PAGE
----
Seeking paydirt: Rock Star Tim Termuende
It’s a gamble, of course, like any investment, but mineral exploration has the potential for wildest-dreams-style payouts
Mineral exploration is a long-shot game with a high expectation of failure—so what attracts people to it? We talked about that and other aspects of the industry with Tim Termuende, CEO of Eagle Plains Resources Ltd., a Cranbrook-based junior exploration company that is celebrating its 25th anniversary in 2017.
Termuende is a professional geologist who co-founded Eagle Plains with his father, Bob, in 1992, and has been the CEO since Termuende senior retired in 1999.
Please explain what a junior mineral exploration company is and how it works.
A junior mining company relies on investors to provide money for exploration—that’s basically what separates us from major mining companies. We’re doing exploration rather than actually digging up a product. Some majors also explore, but they are self-financing, using revenues from existing mines to try to generate new discoveries.
The high expectation of failure and the realization that the deck is stacked against us are what compelled us to evolve into a prospect generator. We do a lot of research and acquisition of projects at very basic costs, and we bring in partners to spend the bigger, higher-risk money.
The company’s financial support can come from its shareholders in the form of private placements, or from partners who have their shareholders buy into the company. Our partners supply the funds for us to do the more advanced exploration—we do the initial fieldwork, testing ideas and concepts. When we find a project that looks promising, we can sell an interest in it to other companies because we've already taken the initial risks and there are potential gains for them down the road.
And what are the odds of striking it rich?
Statistically, you’ve got to spend roughly $100 million to find a significant ore deposit. It’s a bleak reality of this business. You expect to get disappointed a lot, and you get used to it, but you still have to have the dream (and the belief) of making a big discovery. The odds of making a mine from a single mineral occurrence are roughly one in a thousand—we joke that “you have to kiss a lot of frogs.” But if you spend $100 million, on average, and you find a deposit like the Sullivan, that’s worth $40 billion … it really is worth doing the exploration.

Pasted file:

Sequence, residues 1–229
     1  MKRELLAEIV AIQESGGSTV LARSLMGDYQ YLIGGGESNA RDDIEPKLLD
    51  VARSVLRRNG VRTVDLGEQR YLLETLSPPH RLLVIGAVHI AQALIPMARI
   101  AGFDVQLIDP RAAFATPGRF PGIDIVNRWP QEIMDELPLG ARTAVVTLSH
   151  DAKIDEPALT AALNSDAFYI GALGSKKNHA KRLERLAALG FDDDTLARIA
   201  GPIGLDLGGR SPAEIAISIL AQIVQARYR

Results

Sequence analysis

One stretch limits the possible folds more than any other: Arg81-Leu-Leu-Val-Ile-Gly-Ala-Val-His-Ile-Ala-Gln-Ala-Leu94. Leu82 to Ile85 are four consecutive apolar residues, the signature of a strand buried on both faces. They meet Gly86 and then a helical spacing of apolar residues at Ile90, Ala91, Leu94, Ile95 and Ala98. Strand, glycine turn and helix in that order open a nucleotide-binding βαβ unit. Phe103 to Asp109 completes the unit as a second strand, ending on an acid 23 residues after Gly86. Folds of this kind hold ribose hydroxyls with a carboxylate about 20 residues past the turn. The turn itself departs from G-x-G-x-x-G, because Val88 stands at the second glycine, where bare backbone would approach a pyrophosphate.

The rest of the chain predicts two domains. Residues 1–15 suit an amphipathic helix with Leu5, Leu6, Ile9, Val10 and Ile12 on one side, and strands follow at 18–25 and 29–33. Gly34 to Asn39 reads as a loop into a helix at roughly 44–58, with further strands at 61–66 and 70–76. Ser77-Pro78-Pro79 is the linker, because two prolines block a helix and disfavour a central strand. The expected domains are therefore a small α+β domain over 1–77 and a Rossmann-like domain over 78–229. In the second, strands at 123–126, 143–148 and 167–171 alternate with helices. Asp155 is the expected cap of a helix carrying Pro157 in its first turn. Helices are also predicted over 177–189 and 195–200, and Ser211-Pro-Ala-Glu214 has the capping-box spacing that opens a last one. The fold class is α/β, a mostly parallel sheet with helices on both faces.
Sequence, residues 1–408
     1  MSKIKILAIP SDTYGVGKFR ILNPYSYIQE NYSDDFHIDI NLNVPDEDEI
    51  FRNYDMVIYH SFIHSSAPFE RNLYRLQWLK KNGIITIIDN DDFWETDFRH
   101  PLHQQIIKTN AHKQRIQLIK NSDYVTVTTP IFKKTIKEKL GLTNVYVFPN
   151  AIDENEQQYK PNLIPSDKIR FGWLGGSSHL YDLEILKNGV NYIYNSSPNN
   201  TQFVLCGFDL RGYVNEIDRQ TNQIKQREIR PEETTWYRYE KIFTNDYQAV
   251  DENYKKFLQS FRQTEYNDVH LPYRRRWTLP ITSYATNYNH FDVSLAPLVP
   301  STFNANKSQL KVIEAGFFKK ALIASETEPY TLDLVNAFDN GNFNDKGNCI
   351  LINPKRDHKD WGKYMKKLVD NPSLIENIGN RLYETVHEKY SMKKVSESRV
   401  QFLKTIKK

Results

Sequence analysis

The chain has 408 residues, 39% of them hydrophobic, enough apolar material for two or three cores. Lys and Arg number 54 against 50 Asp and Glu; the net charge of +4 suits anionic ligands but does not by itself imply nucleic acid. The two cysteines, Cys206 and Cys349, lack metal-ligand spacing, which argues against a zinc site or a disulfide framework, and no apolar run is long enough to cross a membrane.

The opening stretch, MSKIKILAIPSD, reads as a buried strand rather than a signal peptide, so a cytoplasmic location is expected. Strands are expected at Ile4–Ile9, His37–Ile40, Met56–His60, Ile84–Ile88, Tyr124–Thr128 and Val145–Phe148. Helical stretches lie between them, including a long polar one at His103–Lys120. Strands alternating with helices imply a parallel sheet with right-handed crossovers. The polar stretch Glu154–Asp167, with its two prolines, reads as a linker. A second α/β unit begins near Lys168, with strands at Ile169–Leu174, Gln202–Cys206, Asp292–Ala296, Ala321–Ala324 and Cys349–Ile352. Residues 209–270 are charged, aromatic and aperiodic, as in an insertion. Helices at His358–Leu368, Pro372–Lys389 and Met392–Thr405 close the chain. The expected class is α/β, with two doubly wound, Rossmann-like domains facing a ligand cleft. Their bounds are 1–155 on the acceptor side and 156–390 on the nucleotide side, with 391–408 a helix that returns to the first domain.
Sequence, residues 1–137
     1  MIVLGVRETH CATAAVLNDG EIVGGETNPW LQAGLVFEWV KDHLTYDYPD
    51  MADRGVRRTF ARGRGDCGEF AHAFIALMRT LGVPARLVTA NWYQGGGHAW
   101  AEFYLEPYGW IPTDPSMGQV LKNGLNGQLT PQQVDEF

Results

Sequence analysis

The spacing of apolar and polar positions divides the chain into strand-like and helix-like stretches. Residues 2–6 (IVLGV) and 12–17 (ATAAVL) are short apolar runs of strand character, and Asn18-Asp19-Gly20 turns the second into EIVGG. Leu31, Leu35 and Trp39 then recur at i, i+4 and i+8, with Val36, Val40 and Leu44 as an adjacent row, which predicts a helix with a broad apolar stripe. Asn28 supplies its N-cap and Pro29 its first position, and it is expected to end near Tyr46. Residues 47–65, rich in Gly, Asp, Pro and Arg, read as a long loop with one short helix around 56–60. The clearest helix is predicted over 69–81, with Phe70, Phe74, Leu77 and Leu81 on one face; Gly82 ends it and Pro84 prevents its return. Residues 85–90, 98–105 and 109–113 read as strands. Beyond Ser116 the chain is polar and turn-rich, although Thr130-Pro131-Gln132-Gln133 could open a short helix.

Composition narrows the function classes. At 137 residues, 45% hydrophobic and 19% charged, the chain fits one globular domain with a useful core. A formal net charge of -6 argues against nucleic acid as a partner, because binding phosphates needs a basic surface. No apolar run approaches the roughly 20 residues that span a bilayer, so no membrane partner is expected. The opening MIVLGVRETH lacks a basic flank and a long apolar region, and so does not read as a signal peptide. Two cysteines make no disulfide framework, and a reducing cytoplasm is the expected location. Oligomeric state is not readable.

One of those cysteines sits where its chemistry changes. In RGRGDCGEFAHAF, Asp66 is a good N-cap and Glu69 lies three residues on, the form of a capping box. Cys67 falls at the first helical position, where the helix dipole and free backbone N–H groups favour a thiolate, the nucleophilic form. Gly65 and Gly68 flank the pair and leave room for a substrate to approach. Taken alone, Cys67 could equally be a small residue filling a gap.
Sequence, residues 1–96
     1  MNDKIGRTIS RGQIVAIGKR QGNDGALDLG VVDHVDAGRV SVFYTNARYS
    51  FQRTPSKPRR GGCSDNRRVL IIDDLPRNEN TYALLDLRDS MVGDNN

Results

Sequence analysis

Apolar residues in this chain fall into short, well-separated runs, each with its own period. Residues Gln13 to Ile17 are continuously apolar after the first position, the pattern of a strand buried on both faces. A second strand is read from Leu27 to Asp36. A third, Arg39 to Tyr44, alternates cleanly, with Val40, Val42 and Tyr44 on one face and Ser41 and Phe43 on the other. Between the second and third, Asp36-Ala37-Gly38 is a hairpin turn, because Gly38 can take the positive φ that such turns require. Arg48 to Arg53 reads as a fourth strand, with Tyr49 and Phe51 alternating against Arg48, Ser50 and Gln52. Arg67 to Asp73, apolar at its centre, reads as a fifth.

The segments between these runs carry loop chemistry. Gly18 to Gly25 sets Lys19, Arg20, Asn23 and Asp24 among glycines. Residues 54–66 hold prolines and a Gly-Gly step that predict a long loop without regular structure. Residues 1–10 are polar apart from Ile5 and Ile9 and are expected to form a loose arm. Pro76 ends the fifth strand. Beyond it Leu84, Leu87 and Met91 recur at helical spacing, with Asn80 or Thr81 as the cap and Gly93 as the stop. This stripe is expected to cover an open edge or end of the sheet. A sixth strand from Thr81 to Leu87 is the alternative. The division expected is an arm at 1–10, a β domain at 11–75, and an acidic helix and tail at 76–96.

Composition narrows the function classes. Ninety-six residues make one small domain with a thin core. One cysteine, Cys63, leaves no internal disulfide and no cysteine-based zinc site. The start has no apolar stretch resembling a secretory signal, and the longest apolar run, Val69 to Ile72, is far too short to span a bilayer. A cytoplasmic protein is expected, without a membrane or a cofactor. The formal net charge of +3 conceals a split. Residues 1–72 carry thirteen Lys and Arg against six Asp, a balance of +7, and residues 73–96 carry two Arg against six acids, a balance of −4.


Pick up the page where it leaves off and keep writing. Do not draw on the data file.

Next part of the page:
How do you decide where to look?
Mines are huge economic generators that provide thousands of jobs and countless other economic benefits. The provincial government recognizes this and conducts geoscience work all over British Columbia to stimulate exploration. They’ll do airborne geophysical surveys, regional geological mapping and Regional Geochemical Surveys (sampling that analyzes the fine gravels of creeks in an area). Every six months to a year they’ll publicize the results, and prospectors and companies like ours are watching all the time—it’s like Christmas morning when they put out these results.
How did you get introduced to the industry?
I was a bush-rat when I was a kid and always had a passion for rocks. My dad is a geologist too, so I tagged along into the field with him all the time. I think I was five years old the first time I went out to northern Saskatchewan with him, and often I would visit him on sites where he was working.
I was 12 the first summer I joined up with a crew in the bush by myself, and I did that every summer after that. I was always the youngest guy on the crew and I learned from the ground up. I was a sponge, doing camp chores like cutting firewood, and asking a lot of questions. I eventually got a degree in geology from UBC in the mid-'80s but I think I was always destined to be a rockhound, and always held a burning desire to make a major mineral discovery that eventually became a mine.
In 25 years, what’s been your biggest find?
In 2007 we had a project called Copper Canyon, north of Terrace, B.C., that turned into a pretty big deal. It was a known discovery when we acquired it in 2001 (for about $10,000), but very underexplored. After attracting a partner, the project developed into a big gold and copper resource—a couple million ounces of gold and over a billion pounds of copper. We separated that project into another company called Copper Canyon Resources, and in 2011 the company got taken over for $65 million. All the original Eagle Plains shareholders had a big payday.
We hope to do it again. We’d love to be in a position where one of our projects—ideally a local project here in the Kootenays—showed great promise, and we could spin that project out the same way and then sell it to a major company.
There have to be some rewards in the meantime, though, right?
Between Eagle Plains and our subsidiary TerraLogic, we’ve grown to having 15 full-time, well-paid employees—about half of them are geologists—so we’re a significant employer providing good, stable jobs. It’s not uncommon to have our ranks swell to 40 or 50 people during the busy exploration season. We’re happy and proud of the fact that even during the tough periods we have been able to keep everyone who wants to be around.
Over the years Eagle Plains and its partners have invested a minimum of $20 million into the East Kootenay and over $50 million into Western Canada. A lot of money comes into the Kootenays for our projects, and that’s a big benefit to the area. With tenacity, perseverance and a little luck, we are hopeful we will make a big strike in the area.